Can employees stressed out about their personal finances be as productive as those who are not? Not likely. Survey data supports the intuitive answer. For example, 41% members of the Society for Human Resource Management responding to a poll last year reported that an “overall lack of monetary funds to cover personal expenses” took a toll on some of their employees’ output levels.

The assumption seems to be not that employees aren’t paid a living wage, but that they have some shortcomings in their personal financial management skills. The solution offered in a report just published by Purchasing Power, a voluntary benefits vendor, is offering employees a comprehensive financial education program analogous to physical wellness campaigns.

In its report, Money Smarts: Helping Employees Make the Grade, Purchasing Power says that financial wellness “is defined uniquely and differently by each employee, as each household has different priorities and financial obligations.”

Also see: Financial wellness complements retirement

Broadly speaking, however, financial wellness is “the ability of each employee to manage their finances for short-term needs while saving for long-term goals,” according to the report.

To help employees achieve it, employers need to educate employees “how to be smart about their money, how they spend it, and how they save it, so they have financial well-being now (or are working towards it) and in the future,” Purchasing Power maintains.

As with any other complicated topic, astute personal financial management cannot simply be flung at employees with any expectation that the lessons will stick. “The financial wellness education that employers implement should offer a variety of options that help employees choose the information important to them,” the report states, citing a Bank of America Merrill Lynch employer guide on the topic.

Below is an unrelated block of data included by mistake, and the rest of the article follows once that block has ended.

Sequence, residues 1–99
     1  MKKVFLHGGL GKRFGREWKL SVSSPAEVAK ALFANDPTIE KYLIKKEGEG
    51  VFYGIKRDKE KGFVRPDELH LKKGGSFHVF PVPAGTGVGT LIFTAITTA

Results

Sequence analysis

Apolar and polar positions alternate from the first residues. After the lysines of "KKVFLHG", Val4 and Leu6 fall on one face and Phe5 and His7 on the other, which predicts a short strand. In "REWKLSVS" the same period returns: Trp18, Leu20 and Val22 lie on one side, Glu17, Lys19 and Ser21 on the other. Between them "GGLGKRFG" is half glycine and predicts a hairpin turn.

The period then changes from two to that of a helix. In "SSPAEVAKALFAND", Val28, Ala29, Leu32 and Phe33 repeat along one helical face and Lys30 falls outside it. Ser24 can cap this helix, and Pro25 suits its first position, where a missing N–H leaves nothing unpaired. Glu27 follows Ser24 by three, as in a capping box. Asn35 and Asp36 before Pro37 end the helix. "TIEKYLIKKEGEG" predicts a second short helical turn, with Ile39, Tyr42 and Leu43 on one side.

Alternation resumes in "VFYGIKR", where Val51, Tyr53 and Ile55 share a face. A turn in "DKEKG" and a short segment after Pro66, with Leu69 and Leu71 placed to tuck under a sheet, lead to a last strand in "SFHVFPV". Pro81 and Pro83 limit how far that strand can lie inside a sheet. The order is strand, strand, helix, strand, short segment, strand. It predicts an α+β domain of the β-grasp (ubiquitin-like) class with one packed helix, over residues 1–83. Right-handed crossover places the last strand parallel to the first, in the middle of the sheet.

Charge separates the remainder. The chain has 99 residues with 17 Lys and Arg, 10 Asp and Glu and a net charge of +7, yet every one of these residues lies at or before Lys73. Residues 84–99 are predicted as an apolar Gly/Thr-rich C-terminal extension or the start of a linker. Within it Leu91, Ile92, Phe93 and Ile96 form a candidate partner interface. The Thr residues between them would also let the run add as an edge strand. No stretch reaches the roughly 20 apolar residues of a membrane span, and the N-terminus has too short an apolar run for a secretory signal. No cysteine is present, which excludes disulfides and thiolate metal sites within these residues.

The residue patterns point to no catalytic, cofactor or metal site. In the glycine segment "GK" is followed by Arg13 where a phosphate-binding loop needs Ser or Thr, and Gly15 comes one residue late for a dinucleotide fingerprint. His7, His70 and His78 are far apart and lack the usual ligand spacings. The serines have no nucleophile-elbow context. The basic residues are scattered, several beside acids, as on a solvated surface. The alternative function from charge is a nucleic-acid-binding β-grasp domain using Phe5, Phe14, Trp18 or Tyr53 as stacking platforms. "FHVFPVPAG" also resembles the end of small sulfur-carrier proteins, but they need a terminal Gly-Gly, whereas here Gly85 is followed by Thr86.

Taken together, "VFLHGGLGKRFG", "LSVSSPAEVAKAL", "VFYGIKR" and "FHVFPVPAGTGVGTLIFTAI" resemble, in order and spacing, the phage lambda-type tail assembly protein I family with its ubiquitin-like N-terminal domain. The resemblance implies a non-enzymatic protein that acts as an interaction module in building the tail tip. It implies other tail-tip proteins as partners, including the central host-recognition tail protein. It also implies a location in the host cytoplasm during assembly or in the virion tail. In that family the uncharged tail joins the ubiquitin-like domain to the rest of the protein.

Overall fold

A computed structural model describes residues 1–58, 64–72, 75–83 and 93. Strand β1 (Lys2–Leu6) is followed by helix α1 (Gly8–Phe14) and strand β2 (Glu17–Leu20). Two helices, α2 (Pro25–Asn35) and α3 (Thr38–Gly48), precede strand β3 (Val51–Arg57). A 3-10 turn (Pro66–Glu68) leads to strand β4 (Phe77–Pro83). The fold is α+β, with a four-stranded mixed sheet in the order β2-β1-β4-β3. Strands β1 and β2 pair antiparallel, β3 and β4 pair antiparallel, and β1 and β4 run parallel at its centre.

Hot topics

In order of prevalence, following are the financial education topics of greatest interest to full-time employees, according to a Harris Poll:

  1. Saving for retirement, cited by 37% of survey respondents;
  2. Investment advice, also 37%;
  3. Paying off debt, 33%;
  4. Budgeting, 21%;
  5. Personal finance coaching, 14%;
  6. Saving for children’s education, 12%;
  7. Buying a home, 12%; and
  8. Understanding and building credit, 11%.

Also see: Gender-specific retirement education fills void, boosts workplace diversity

The level of employee interest in financial education is correlated to age. According to the report, 45% of millennials said they would take advantage of a financial wellness learning opportunity, whereas slightly fewer (43%) of generation X would do so, and only 32% of baby boomers reported interest.

Taking action

Education is one thing. Taking advantage of it is another matter entirely. For that reason, Purchasing Power suggests that employee financial wellness initiatives “involve some sort of financial assessment for the individual employee which would include outlining their current financial situation, identifying areas for improvement and implementing actions for their specific situation.”

Also see: DC plan participants keeping their cool but ‘disruptions’ prove costly

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